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Launch of the Transit 1A satellite on a Thor-Able II
Function Expendable launch system
Sounding rocket
Manufacturer Douglas/Aerojet
Country of origin  United States
Height 26.9 metres (88 ft) - 27.8 metres (91 ft)
Diameter 2.44 metres (8 ft 0 in)
Mass 51,608 kilograms (113,776 lb)
Stages 2-3
Payload to 640km LEO 120 kilograms (260 lb)
Associated rockets
Family Thor
Derivatives Thor-Ablestar
Comparable Luna
Launch history
Launch sites LC-17A, Canaveral
Total launches 16
Successes 10
Failures 6
First flight 24 April 1958
Last flight 1 April 1960
Notable payloads Pioneer
First stage - Thor
Engines 1 LR79-7
Thrust 758.71 kilonewtons (170,560 lbf)
Specific impulse 282 sec
Burn time 165 seconds
Fuel RP-1/LOX
Second stage - Able
Engines 1 AJ-10
Thrust 34.69 kilonewtons (7,800 lbf)
Specific impulse 270 sec
Burn time 115 seconds
Third stage (optional) - Altair
Engines 1 X-248
Thrust 12.45 kilonewtons (2,800 lbf)
Specific impulse 256 sec
Burn time 38 seconds
Fuel Solid

The Thor-Able was an American expendable launch system and sounding rocket used for a series of re-entry vehicle tests and satellite launches between 1958 and 1960. It was a two stage rocket, consisting of a Thor IRBM as a first stage, and a Vanguard-derived Able second stage. On some flights, an Altair solid rocket motor was added as a third stage. It was a member of the Thor family, and an early predecessor of the Delta.[1][2]


Sixteen Thor-Ables were launched, nine on sub-orbital re-entry vehicle test flights, and seven on orbital satellite launch attempts. Six launches resulted in failures, in which three of those failures were the result of an Altair upper stage added to the rocket to allow it to launch the spacecraft onto a trans-lunar trajectory. All sixteen launches occurred from Cape Canaveral Air Force Station Launch Complex 17A.[3]


The Thor-Able vehicle had a stronger airframe than the standard Thor IRBM and had the inertial guidance system replaced by a radio guidance package mounted on the Able stages. It saw its first test on April 24, 1958 when Vehicle 116 was launched with dummy upper stages. 146 seconds after liftoff, it exploded from a turbopump failure. The second and third tests on July 10 and 23 were successful, after which Vehicle 127 was prepared for launch with the world's first lunar probe. This flight, broadcast live on television, took place on August 17 but ended embarrassingly when the Thor exploded 77 seconds into the launch due to another turbopump malfunction. After an Atlas missile test a month later also failed due to the turbopumps, the Air Force Ballistic Missile Division quickly replaced the pumps in all of their missiles and this problem did not repeat itself again.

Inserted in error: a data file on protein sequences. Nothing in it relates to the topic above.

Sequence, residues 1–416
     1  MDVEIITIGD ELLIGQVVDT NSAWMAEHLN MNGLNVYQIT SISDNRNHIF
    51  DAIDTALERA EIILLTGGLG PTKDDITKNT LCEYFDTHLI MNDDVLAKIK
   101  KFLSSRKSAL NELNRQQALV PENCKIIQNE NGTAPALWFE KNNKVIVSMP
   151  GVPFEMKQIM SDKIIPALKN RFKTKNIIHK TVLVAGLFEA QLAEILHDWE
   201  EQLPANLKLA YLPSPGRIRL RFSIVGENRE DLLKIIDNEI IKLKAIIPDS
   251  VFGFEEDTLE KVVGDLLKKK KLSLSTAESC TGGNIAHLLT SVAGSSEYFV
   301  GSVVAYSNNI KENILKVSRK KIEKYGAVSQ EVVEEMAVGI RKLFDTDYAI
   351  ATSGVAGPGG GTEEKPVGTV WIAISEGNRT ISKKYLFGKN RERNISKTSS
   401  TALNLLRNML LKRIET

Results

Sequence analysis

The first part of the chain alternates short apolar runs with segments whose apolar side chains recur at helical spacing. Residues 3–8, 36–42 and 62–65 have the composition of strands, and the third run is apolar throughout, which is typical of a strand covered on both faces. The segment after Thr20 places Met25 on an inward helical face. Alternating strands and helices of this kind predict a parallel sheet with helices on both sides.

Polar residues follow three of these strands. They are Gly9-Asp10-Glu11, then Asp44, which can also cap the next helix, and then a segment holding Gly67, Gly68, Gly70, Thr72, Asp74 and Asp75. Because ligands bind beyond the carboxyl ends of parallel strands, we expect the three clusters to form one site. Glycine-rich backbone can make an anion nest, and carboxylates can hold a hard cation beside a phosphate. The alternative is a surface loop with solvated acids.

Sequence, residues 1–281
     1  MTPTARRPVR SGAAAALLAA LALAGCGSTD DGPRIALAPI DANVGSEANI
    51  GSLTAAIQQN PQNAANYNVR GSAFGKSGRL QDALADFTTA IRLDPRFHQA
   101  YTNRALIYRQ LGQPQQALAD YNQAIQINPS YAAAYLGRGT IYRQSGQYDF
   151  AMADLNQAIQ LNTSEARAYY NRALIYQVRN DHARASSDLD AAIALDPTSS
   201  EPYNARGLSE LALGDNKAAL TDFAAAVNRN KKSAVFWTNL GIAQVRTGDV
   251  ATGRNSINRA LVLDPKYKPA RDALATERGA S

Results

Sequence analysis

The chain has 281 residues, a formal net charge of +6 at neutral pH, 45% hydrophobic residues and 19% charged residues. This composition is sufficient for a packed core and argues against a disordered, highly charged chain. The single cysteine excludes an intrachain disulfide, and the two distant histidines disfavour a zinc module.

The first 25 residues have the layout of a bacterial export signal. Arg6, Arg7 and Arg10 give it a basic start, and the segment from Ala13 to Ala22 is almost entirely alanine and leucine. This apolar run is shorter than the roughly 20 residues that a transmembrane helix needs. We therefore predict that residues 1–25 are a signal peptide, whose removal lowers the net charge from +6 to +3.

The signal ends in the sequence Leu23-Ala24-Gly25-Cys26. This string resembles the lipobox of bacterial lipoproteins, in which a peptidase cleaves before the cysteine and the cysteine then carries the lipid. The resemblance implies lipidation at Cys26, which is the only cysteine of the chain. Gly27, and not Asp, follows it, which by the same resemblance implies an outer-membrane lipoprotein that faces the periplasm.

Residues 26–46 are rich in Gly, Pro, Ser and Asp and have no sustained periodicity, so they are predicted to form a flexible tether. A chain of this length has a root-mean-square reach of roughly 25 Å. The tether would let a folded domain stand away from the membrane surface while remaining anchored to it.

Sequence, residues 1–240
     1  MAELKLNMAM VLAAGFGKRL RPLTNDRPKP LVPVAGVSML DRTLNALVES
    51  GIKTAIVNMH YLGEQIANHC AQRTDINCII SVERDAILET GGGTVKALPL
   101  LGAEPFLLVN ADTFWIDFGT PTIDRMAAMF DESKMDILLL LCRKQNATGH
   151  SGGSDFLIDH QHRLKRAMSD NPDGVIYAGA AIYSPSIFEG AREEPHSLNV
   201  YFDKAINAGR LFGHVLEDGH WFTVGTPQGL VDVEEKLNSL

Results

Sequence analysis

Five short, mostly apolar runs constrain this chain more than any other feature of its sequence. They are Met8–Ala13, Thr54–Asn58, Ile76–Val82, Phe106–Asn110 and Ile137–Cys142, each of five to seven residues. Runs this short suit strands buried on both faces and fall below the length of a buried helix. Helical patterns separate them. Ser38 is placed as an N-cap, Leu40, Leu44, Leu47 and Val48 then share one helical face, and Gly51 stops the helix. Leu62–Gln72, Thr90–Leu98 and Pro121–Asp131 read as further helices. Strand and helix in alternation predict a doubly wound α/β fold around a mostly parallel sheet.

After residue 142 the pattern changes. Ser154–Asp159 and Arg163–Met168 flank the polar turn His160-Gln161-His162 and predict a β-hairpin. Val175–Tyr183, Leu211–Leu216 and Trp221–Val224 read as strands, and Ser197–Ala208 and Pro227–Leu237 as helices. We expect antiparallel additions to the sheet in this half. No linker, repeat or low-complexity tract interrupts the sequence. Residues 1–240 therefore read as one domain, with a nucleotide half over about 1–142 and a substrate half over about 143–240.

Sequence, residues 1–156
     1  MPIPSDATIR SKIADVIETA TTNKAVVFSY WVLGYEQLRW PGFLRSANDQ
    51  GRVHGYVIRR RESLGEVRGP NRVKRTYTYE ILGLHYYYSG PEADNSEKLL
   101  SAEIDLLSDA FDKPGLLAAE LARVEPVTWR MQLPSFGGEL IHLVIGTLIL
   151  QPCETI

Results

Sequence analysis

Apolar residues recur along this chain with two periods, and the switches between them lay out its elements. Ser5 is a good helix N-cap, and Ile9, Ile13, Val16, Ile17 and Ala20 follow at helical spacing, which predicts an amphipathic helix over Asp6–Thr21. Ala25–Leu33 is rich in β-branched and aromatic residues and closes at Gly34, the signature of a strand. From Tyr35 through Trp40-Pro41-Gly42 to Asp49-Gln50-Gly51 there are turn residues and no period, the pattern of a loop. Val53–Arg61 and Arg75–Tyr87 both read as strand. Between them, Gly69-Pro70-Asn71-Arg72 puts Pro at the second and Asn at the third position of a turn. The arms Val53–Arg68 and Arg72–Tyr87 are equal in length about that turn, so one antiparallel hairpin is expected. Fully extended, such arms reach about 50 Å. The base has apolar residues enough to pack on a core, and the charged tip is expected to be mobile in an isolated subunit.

On October 10, Pioneer 1 was launched on Thor 130. The second stage shut down too early and the probe did not have sufficient velocity to escape Earth's orbit. It reentered the atmosphere and burned up 43 hours after launch.

Pioneer 2 was launched November 8 and reentered the atmosphere less than an hour after launch when the third stage failed to ignite.

The next six Thor-Able flights were suborbital tests for the Air Force (January 23, February 28, March 21, April 8, May 20, and June 11, 1959). All of these were successful except the first one, which failed to stage due to an electrical problem and fell into the Atlantic Ocean.

On August 7, Explorer 6 (a scientific satellite) was launched on Vehicle 134 and successfully orbited.

On September 17, Transit 1A failed to orbit due to the third stage again failing to ignite.

On November 3, Pioneer 5 was successfully launched. Intended originally as a Venus probe, technical delays caused it to be launched after the 1959 Venus window had closed so that it was instead sent into heliocentric orbit.

The final Thor-Able launch orbited Tiros 1 on April 4, 1960.

The Able upper stage name represents its place as the first in the series, from the Joint Army/Navy Phonetic Alphabet.[4]

See also


  1. Krebs, Gunter. "Thor Able". Gunter's Space Page. Retrieved 2008-11-10.<templatestyles src="Module:Citation/CS1/styles.css"></templatestyles>
  2. Wade, Mark. "Delta". Encyclopedia Astronautica. Retrieved 2008-11-10.<templatestyles src="Module:Citation/CS1/styles.css"></templatestyles>
  3. Lethbridge, Cliff. "Thor-Able Fact Sheet". Cape Canaveral Rocket and Missile Programs. Spaceline. Retrieved 2008-11-10.<templatestyles src="Module:Citation/CS1/styles.css"></templatestyles>
  4. Helen T. Wells, Susan H. Whiteley, and Carrie E. Karegeannes. Origin of NASA Names. NASA Science and Technical Information Office. p. 5. <templatestyles src="Module:Citation/CS1/styles.css"></templatestyles>

External links